There are five major types of USB cables and ports. There is USB-A, USB-B, USB-C, micro-USB, and mini-USB. The major difference is in their physical appearance, but there can be some differences in functionality as well. It is also important to note that a USB type may differ physically based on which USB version number it is.
If you use different kinds of technology, including mobile devices, computers, and peripherals, you're bound to come across several different types of USB connectors. Knowing what these different types of USB cables are called can make life easier for you, such as when it comes to buying replacements.
So, if you want to know the different types of USB connectors that are out there, this article will make that clear for you. Let's get right into it.
USB stands for Universal Serial Bus, and as the name gives away, it is an almost universal interface for connecting devices to each other.
A USB connector is what you find on the end of a cable, and they come in many physical forms.
A USB port is what the cable plugs into a device. The connector and the port usually have to be the exact same type to be compatible, so they'll be used interchangeably. Also, when referring to USB cable types, the connector on the end is typically the defining factor.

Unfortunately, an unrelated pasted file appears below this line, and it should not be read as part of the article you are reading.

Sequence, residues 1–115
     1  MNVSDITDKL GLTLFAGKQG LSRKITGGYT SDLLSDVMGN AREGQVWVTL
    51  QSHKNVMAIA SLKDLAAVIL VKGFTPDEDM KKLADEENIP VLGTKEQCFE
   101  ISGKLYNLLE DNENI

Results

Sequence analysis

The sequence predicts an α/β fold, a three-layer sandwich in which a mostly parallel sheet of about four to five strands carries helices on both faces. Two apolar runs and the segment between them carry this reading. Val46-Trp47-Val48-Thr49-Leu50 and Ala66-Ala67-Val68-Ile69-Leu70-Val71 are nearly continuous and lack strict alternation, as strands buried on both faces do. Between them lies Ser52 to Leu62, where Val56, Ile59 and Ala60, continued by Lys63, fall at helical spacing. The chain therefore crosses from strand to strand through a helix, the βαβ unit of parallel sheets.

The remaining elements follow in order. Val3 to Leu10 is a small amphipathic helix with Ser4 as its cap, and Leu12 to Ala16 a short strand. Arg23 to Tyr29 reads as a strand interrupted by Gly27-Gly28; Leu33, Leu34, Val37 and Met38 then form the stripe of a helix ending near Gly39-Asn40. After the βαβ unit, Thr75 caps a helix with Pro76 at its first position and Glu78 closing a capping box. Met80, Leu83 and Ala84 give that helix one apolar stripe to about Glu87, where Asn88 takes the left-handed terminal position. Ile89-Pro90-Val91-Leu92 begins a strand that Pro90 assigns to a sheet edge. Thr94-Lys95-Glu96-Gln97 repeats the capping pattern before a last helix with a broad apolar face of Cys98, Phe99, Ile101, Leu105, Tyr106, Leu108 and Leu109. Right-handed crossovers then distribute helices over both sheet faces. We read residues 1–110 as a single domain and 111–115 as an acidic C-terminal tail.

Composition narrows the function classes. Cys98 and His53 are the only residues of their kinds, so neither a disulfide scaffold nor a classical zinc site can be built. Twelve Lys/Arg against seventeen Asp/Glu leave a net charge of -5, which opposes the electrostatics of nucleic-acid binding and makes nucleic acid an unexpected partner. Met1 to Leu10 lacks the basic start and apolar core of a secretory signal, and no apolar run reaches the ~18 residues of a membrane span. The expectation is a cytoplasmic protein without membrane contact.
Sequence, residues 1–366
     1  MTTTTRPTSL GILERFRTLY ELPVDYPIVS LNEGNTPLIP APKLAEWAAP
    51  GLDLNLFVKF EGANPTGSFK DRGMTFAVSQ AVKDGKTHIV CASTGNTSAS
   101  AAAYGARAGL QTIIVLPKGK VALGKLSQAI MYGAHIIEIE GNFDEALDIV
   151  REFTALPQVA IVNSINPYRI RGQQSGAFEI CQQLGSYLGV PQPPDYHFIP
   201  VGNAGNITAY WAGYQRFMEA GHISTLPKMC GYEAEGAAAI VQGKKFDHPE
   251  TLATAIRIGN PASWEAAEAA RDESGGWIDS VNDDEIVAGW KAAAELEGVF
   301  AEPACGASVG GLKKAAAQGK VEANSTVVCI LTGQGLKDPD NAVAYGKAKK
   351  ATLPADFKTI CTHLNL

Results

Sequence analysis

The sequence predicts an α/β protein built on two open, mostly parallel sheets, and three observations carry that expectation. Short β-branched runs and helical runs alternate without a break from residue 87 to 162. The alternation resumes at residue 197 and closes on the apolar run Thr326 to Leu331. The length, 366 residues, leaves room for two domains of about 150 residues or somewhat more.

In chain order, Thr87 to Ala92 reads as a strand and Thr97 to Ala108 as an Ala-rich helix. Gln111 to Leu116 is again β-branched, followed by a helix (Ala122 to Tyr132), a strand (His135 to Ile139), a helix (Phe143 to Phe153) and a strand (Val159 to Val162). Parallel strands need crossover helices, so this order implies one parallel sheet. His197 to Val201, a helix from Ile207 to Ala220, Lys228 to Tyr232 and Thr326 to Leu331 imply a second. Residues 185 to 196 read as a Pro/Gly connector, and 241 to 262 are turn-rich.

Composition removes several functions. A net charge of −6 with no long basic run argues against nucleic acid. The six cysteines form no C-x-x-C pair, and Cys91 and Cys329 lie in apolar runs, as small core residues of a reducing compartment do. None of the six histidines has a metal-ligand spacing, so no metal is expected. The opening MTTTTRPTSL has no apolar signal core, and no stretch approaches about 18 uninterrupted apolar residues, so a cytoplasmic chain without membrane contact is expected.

So, the terms connector, port, and cable can mostly be used interchangeably to refer to the different physical specifications of USB.
There are five major types of USB cables that are used in all kinds of devices like laptops, mobile devices, printers, external hard drives, and so on.
If you deal with these kinds of devices a lot in your daily life, it can be very helpful to know what you can about the different types of USB ports that they can come with.
When most people think of "USB", they're thinking of the USB-A connector. USB-A connectors are perfectly rectangular and this can be considered the standard form when it comes to USB cables.
USB-A ports can be found on computers, power outlets, power banks, cars, and so on. USB-A cables can be found on an almost endless list of devices.
USB-A is the most commonly found USB connector, but it is important to know that when it comes to phones and laptops, it is being replaced by USB-C.
USB-B connectors are often seen on the back of USB peripheral devices like printers and scanners. These look much different from USB-A plugs, instead being square-shaped with each corner at the top being somewhat rounded off.
USB cables with a USB-B connector at one end typically have a regular USB port on the other because these devices are intended to be plugged into a computer.
With USB 3.0, the physical appearance of this USB plug was changed. So, while it is still referred to as USB-B, it looks completely different from what was seen with USB 2.0 and previous generations.
USB B cables under the USB 3.0 standard have a connector similar to the previous format but with a smaller rectangular socket right on top.
Because USB B cables like this have a larger plug, they can't be plugged into older USB B ports. However, you can plug regular Type-B cables into USB 3.0 ports in many cases.
USB-C is the newest USB standard and it is quickly replacing USB-A on many devices. Essentially all new laptops come with at least one USB-C port and most new Android mobile devices you buy today will likely use USB-C for charging.